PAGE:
Skip navigation

Phenobarbital overdose

Phenobarbital is a medicine used to treat epilepsy, anxiety, and insomnia. Phenobarbital overdose occurs when someone takes too much of this medicine.

This is for information only and not for use in the treatment or management of an actual poison exposure. If you have an exposure, you should call your local emergency number (such as 911) or the Poison Control Center at 1-800-222-1222.

Poisonous Ingredient

Phenobarbital

Where Found

Other names for this drug are:

  • Barbita
  • Comizial
  • Gardenale
  • Fenilcal
  • Luminal
  • Solfoton

Note: This list may not be all-inclusive.

Symptoms

Before Calling Emergency

Determine the following information:

  • The patient's age, weight, and condition
  • Name of product (as well as the ingredients and strength if known)
  • The time it was swallowed
  • The amount swallowed
  • If the medication was prescribed for the patient

However, DO NOT delay calling for help if this information is not immediately available.

Poison Control

In the United States, call 1-800-222-1222 to speak with a local poison control center. This hotline number will let you talk to experts in poisoning. They will give you further instructions.

This is a free and confidential service. All local poison control centers in the United States use this national number. You should call if you have any questions about poisoning or poison prevention. It does NOT need to be an emergency. You can call for any reason, 24 hours a day, 7 days a week.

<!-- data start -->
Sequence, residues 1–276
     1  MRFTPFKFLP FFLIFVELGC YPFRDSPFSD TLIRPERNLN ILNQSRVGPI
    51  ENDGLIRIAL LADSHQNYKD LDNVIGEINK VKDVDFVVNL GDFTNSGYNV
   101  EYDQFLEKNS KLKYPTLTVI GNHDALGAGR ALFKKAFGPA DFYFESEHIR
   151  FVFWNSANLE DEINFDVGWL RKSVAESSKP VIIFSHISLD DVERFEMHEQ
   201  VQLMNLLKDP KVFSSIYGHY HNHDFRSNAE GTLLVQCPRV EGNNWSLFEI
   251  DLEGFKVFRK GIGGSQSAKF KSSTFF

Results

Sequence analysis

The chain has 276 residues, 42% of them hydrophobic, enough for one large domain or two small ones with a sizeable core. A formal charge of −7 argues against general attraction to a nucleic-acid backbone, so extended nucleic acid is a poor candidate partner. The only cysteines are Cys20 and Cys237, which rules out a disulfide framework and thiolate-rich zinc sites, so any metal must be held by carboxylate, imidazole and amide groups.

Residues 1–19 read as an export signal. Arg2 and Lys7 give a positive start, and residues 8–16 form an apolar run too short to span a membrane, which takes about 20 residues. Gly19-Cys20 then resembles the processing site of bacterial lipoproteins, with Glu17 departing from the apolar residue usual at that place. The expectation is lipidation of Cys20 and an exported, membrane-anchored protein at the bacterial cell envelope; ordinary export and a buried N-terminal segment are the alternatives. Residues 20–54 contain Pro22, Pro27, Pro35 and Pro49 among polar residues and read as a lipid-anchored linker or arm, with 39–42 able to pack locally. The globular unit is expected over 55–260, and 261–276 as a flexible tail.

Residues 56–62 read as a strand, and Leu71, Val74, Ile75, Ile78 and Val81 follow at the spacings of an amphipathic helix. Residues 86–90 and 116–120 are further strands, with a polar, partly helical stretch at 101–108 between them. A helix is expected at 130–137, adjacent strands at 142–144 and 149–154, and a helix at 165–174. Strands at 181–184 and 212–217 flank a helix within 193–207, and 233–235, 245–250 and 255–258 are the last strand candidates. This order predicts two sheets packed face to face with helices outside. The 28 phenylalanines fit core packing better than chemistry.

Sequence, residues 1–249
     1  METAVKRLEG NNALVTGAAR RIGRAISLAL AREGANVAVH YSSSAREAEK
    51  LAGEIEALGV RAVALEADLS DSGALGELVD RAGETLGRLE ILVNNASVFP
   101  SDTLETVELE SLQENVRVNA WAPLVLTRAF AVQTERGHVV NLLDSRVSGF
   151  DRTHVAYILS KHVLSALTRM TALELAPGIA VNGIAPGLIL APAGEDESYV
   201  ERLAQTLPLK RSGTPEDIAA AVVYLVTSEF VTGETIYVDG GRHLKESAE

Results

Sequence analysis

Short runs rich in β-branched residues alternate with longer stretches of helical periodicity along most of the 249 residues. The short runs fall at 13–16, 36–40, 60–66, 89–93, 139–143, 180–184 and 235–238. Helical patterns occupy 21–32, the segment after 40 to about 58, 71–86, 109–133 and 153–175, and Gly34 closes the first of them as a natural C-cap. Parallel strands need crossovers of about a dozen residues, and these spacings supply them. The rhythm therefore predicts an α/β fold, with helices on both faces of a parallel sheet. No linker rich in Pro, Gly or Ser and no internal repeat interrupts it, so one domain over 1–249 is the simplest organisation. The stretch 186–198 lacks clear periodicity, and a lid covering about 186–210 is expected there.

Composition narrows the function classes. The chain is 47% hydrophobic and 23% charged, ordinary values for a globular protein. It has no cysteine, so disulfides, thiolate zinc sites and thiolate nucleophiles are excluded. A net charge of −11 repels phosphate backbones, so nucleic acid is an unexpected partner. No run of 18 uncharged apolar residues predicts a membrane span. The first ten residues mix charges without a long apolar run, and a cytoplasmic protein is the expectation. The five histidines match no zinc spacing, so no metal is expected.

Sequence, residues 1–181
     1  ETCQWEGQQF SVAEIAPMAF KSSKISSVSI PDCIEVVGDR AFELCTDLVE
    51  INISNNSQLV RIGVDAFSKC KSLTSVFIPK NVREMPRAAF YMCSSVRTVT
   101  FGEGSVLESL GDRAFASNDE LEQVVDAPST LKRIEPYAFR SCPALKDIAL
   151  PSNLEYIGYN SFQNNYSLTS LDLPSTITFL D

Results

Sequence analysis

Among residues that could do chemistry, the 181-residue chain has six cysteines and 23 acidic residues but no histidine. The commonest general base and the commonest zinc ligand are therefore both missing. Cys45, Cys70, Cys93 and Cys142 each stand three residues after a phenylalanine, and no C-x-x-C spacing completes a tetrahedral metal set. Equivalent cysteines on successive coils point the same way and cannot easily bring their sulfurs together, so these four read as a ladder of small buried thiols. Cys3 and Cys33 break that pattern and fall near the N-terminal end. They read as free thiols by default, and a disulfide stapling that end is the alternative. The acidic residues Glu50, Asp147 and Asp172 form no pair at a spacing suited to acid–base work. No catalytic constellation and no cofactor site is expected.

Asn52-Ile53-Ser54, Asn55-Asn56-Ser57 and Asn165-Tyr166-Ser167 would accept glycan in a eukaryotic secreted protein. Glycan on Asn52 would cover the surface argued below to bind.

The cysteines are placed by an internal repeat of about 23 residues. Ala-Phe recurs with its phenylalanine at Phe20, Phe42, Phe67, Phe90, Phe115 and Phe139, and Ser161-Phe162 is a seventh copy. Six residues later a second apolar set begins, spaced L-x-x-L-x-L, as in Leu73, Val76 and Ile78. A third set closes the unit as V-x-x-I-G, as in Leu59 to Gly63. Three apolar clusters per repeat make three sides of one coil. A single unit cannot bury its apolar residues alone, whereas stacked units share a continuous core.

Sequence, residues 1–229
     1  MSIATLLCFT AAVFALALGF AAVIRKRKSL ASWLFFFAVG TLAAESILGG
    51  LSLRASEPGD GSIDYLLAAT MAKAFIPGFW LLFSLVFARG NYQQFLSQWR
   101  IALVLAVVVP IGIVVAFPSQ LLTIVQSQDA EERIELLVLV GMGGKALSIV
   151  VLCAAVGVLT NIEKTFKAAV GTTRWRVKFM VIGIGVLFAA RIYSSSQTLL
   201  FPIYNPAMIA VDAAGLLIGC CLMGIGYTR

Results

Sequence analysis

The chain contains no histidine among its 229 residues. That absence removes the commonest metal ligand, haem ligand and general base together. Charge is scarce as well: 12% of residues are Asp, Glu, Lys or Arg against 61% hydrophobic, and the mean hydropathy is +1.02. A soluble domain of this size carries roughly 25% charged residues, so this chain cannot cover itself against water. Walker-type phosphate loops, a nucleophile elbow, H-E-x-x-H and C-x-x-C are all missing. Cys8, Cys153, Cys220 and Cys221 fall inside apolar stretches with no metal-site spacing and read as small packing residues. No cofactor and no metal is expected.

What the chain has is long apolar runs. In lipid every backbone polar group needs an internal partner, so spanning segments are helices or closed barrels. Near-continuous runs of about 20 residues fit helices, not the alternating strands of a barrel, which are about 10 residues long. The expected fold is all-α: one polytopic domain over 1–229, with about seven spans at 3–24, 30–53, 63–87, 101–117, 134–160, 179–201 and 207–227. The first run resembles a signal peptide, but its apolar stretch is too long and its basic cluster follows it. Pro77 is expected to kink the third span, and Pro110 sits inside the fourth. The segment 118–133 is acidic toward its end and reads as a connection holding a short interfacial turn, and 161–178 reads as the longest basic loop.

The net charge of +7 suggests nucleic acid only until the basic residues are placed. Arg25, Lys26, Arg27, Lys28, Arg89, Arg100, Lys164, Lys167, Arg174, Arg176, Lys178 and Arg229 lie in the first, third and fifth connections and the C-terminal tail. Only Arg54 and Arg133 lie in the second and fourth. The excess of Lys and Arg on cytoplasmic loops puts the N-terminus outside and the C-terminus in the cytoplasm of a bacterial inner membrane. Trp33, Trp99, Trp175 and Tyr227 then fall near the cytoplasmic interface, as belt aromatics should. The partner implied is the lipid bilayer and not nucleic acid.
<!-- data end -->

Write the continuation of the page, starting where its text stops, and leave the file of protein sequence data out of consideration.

Take the pill container with you to the hospital, if possible.

What to Expect at the Emergency Room

The health care provider will measure and monitor the patient's vital signs, including temperature, pulse, breathing rate, and blood pressure. Blood tests will be done to check the phenobarbital level.

Symptoms will be treated as appropriate. The patient may receive:

  • Activated charcoal
  • Breathing machine for serious overdoses
  • Gastric lavage
  • Laxative
  • Medicine (sodium bicarbonate) that helps remove phenobarbital from the body

This list may not be all-inclusive.

Outlook (Prognosis)

How well the patient does depends on the severity of the overdose and how quickly treatment is received.

 

Alternative Names

Luminal overdose

References

Goldfrank LR, ed. Goldfrank's Toxicologic Emergencies. 9th ed. New York, NY: McGraw Hill; 2011.

Update Date: 1/29/2013

Updated by: Eric Perez, MD, St. Luke's / Roosevelt Hospital Center, NY, NY, and Pegasus Emergency Group (Meadowlands and Hunterdon Medical Centers), NJ. Review provided by VeriMed Healthcare Network. Also reviewed by A.D.A.M. Health Solutions, Ebix, Inc., Editorial Team: David Zieve, MD, MHA, David R. Eltz, Stephanie Slon, and Nissi Wang.

A.D.A.M Quality Logo

A.D.A.M., Inc. is accredited by URAC, also known as the American Accreditation HealthCare Commission (www.urac.org). URAC's accreditation program is an independent audit to verify that A.D.A.M. follows rigorous standards of quality and accountability. A.D.A.M. is among the first to achieve this important distinction for online health information and services. Learn more about A.D.A.M.'s editorial policy, editorial process and privacy policy. A.D.A.M. is also a founding member of Hi-Ethics and subscribes to the principles of the Health on the Net Foundation (www.hon.ch).

The information provided herein should not be used during any medical emergency or for the diagnosis or treatment of any medical condition. A licensed physician should be consulted for diagnosis and treatment of any and all medical conditions. Call 911 for all medical emergencies. Links to other sites are provided for information only -- they do not constitute endorsements of those other sites. Copyright 1997-2014, A.D.A.M., Inc. Duplication for commercial use must be authorized in writing by ADAM Health Solutions.

A.D.A.M Logo